March 11, 2001
volume 12, no. 70

New Immigration Bill Gives Priority to Homosexual Partners

    NEW YORK (Family Resource Council from - Rep. Jerrold Nadler (D-N.Y.) has introduced legislation that would allow homosexual and lesbian U.S. citizens to sponsor their foreign sexual partners to become U.S. residents.

    The Permanent Partner Immigration Act would grant the same immigration priority consideration afforded to spouses and family members of U.S. citizens to the foreign partners of homosexuals and lesbians.

    Rep. Nadler said he opposed current immigration policy: "I thought I was doing something right for a few people who are being treated gratuitously cruel by the law. The United States is a great and wonderful country. It is sullied when the law acts in such a manner." Rep. Bob Barr (R-Ga.) disagreed, calling the Permanent Partner Immigration Act an "off the wall" idea.

    The bill has stalled in the Crime Subcommittee of the House Judiciary Committee. Rep. Lamar Smith (R-Texas), chairman of the subcommittee, opposes attempts to extend rights for homosexual couples. Smith said that homosexual sex partners should not be given the same priority consideration reserved under law for family members and spouses of U.S. citizens: "Should this trend gain broad acceptance, the institution of marriage, our children and our society will bear the consequences."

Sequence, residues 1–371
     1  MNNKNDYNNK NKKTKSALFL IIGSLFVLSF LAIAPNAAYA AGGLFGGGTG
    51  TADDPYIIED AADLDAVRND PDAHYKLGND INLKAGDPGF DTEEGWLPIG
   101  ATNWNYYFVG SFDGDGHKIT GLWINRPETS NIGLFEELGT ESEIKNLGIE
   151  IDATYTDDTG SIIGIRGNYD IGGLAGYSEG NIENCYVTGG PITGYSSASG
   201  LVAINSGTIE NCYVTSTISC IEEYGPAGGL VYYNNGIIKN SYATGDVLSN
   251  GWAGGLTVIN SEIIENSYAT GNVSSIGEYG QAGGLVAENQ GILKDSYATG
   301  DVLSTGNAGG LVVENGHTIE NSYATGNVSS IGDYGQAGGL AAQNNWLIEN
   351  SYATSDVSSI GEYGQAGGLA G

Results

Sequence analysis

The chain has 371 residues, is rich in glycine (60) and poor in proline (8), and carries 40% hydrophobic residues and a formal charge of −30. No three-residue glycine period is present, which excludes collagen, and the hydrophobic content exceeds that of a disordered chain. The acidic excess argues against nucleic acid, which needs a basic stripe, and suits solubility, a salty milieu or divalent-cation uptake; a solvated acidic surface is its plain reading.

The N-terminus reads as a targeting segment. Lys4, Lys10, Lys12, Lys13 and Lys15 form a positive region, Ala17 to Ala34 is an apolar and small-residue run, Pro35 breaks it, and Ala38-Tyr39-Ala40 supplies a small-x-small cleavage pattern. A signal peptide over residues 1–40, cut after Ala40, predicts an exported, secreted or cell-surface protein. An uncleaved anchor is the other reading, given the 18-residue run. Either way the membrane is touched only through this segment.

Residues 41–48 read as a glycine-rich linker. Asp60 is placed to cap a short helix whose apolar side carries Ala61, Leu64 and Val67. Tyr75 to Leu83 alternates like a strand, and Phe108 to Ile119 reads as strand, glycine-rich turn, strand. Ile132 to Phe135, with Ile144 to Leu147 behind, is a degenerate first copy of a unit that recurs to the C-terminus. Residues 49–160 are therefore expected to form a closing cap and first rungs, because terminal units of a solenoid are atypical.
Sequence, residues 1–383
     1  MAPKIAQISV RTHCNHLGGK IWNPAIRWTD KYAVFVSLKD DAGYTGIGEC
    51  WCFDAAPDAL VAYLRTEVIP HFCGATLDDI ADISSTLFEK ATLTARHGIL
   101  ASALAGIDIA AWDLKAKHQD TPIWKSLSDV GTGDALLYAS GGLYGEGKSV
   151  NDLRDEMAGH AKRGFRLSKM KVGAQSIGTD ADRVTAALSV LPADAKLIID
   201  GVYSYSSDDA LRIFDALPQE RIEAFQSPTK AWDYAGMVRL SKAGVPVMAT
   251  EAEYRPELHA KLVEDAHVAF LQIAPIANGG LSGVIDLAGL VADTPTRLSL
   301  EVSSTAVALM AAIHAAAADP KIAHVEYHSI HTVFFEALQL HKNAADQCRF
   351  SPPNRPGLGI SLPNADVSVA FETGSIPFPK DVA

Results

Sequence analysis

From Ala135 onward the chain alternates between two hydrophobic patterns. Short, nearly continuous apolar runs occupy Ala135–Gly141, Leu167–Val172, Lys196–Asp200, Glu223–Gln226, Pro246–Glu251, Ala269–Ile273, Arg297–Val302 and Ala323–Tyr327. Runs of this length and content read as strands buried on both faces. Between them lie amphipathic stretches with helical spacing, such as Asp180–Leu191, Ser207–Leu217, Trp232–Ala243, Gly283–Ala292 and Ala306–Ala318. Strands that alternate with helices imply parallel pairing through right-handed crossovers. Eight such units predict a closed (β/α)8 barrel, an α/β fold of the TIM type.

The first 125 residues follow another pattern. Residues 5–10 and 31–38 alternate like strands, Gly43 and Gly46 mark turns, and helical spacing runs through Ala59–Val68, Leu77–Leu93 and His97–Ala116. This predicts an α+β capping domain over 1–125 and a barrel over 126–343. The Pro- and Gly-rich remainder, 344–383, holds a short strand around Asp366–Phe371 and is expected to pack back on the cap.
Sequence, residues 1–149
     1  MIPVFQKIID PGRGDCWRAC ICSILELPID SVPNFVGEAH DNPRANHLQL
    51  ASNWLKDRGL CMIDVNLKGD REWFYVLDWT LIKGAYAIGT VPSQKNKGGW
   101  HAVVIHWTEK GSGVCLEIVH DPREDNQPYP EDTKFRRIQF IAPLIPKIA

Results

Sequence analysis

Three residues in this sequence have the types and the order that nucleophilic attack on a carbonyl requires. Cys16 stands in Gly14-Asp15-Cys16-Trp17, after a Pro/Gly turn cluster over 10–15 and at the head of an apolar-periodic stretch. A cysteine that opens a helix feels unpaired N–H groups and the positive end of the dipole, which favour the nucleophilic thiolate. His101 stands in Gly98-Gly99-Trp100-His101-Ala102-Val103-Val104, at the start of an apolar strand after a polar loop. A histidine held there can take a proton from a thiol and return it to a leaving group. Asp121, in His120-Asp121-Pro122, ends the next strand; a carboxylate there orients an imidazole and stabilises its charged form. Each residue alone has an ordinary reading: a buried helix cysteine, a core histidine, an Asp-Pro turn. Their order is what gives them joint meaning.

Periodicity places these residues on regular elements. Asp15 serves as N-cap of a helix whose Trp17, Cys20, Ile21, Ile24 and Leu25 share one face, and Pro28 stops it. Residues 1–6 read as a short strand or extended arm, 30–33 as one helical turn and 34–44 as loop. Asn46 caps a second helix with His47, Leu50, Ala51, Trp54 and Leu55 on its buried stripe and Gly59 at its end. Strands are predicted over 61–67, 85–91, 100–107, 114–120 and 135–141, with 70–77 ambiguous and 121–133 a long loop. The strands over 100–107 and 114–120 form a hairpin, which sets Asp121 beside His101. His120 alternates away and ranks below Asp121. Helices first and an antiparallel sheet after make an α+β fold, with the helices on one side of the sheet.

Other critics note that the proposed legislation includes requirements that are impossible to enforce, such as the stipulation that the homosexual couples have a "committed, intimate relationship" in which both "intend a lifelong commitment."

    The evidence indicates that lifelong monogamous homosexual relationships are a rarity. A study in the Journal of Sex Research, for example, found that only 2.7 percent of homosexuals had only one lifetime partner. By contrast, several marriage studies have found lifetime heterosexual monogamy rates of 70-80 percent.

    The bill would also contradict the logic of the federal Defense of Marriage Act passed in 1996, which forbade the federal government from granting marital status and benefits to same-sex relationships.

    A recent Gallup poll found that 62 percent of Americans remain opposed to same-sex unions that allow the same benefits as traditional marriages. This suggests that President Bush and Congress would have little to gain politically from granting immigration rights to homosexuals similar to those enjoyed by married couples.

March 11, 2001
volume 12, no. 70
USA News
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